In the absence of a secure virtual private network (VPN), employees may attempt to connect to a company’s systems in an insecure manner, such as using remote desktop software to connect to their work computers. To the extent you foresee a need to access information on a company’s network—look into providing a VPN for certain employees or for data that is critical for conducting business.

Remember also to require employees who have web access to any systems that access or transmit corporate information, to enable two-factor authentication or other enhanced security, where possible.

Unsecure Conference Call/Video Services

Employees may be tempted to use free or online-based conferencing call or video services to connect with customers, other employees or for other work-related purposes. Some services may not be secure or may even record your employees’ conversations by default. As stated above, employers should identify secure communications services for remote worker communications and require use of those services in the Remote Work Agreement.

Physical Document Management and Destruction

The same rules apply to remote workers as for employees traveling for business or otherwise working temporarily outside the office. For remote workers, the lines may seem more blurred as to what documents may be taken and accessed off-site and there is more opportunity and temptation to get sloppy or lazy about document handling. The Remote Work Agreement should remind employees that company documents should not be taken offsite without direct work need, or accessed, printed or saved insecurely. As stated above, special care should be taken when accessing, printing or saving through an internet connection or in public places. Public printers and copiers can often save copies of documents without the knowledge of the user and remote work employees should be counseled never to print corporate documents on personal devices, or in public places such as hotel business centers, unless absolutely necessary, and then to take particular care to log out, clear display screens, browser history, etc., to assure no trace of the documents is left electronically for subsequent users.

It is strongly advised that remote employees be provided with cross-cut shredders for home use and counseled to avoid disposing of documents at home or in a public place without proper cross-cut shredding, or that employees without such shredders be advised to return all printed materials to the office for proper destruction.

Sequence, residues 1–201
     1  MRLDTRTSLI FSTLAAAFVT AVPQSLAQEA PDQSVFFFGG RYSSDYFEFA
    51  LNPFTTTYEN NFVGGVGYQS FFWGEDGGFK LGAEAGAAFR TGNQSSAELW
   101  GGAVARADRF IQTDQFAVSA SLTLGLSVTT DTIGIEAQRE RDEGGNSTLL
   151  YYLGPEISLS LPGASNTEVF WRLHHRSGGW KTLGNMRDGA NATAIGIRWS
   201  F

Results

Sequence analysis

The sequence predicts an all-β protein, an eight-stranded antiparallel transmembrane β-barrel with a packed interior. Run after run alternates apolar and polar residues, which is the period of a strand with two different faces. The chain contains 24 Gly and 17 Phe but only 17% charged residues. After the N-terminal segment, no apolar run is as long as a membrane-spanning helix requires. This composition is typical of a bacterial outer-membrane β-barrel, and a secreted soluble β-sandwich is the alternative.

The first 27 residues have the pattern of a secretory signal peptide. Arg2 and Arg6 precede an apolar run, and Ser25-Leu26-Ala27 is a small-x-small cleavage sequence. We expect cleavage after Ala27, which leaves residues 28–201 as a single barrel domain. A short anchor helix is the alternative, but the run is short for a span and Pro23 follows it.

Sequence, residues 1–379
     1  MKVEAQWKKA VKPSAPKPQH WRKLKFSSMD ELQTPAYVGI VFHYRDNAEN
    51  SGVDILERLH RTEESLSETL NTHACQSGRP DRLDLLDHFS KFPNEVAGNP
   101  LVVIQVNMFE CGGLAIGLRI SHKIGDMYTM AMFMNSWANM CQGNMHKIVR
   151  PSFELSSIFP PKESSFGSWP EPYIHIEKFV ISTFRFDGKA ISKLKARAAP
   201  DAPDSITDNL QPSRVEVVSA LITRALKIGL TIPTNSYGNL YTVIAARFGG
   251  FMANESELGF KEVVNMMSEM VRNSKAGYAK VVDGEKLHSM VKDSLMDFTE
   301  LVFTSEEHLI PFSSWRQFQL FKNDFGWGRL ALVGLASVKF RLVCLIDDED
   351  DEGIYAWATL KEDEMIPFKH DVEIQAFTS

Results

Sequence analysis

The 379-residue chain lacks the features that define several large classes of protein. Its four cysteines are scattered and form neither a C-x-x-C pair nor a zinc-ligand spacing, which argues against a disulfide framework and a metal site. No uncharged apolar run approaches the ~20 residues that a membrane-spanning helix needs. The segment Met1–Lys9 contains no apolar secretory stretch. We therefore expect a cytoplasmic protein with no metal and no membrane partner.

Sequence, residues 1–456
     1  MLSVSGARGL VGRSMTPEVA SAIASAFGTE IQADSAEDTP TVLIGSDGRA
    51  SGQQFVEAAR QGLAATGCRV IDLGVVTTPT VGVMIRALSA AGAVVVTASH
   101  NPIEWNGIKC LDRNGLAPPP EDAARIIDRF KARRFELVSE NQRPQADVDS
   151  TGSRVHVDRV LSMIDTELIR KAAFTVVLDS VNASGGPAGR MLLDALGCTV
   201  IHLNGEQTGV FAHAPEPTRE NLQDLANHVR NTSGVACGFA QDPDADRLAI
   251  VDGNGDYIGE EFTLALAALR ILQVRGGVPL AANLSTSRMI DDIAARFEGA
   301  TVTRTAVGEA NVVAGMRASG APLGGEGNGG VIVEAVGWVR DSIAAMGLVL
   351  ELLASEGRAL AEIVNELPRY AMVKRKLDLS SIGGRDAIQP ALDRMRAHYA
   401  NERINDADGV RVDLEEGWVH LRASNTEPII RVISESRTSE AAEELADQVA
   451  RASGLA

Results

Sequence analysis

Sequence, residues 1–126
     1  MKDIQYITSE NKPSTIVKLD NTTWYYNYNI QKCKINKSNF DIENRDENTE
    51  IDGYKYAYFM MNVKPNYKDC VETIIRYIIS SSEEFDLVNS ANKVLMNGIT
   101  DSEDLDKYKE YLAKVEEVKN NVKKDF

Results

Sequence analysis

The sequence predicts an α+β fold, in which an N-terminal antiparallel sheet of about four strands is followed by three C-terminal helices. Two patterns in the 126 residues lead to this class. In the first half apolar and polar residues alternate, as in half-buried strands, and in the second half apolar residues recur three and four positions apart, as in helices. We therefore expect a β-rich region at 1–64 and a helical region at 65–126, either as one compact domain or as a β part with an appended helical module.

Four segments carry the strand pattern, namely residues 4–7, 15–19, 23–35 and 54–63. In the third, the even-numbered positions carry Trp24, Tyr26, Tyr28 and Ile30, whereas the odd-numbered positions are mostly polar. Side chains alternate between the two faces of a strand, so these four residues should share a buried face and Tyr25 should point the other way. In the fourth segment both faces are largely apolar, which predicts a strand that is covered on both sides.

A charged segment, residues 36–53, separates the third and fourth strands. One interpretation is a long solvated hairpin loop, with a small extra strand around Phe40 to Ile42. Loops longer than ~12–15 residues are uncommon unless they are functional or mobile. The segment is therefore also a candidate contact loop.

Phishing Schemes and Other Fraud

Cybercriminals are always searching for security vulnerabilities to exploit, and many employ attacks tailored to a specific company and its employees. A company’s vulnerability to such attacs only increases with remote workers. Sophisticated hackers may send email impersonating company personnel from accounts with similar email addresses, or even hack into the company email system or company servers to send emails with links that can give access to company systems or divert legitimate emails for criminal purposes.

Company provided computers can be configured to minimize the risk of phishing attacks and to isolate and remove malware before it attacks the company’s computer systems. Limiting email use to company email accounts can further limit the risk and remote employees should be advised to be especially vigilant looking for and reporting any suspicious communications.

Although there is always the risk of cyberattacks with onsite and remote employees, some careful planning, well-defined policies and clear communication between employees and management, companies can maintain the security of their data while allowing remote work that benefits the company and employees.

Allison McKeel

Allison McKeel

I am an employment attorney who has worked with hundreds of startup and established businesses and love to help dynamic companies get started and grow. Follow my blog for the latest legal news--designed to keep you legally compliant and up-to-date on innovative workplace practices.

This article is for general information only and is not intended as legal advice. Please consult qualified legal counsel for advice for your specific legal questions.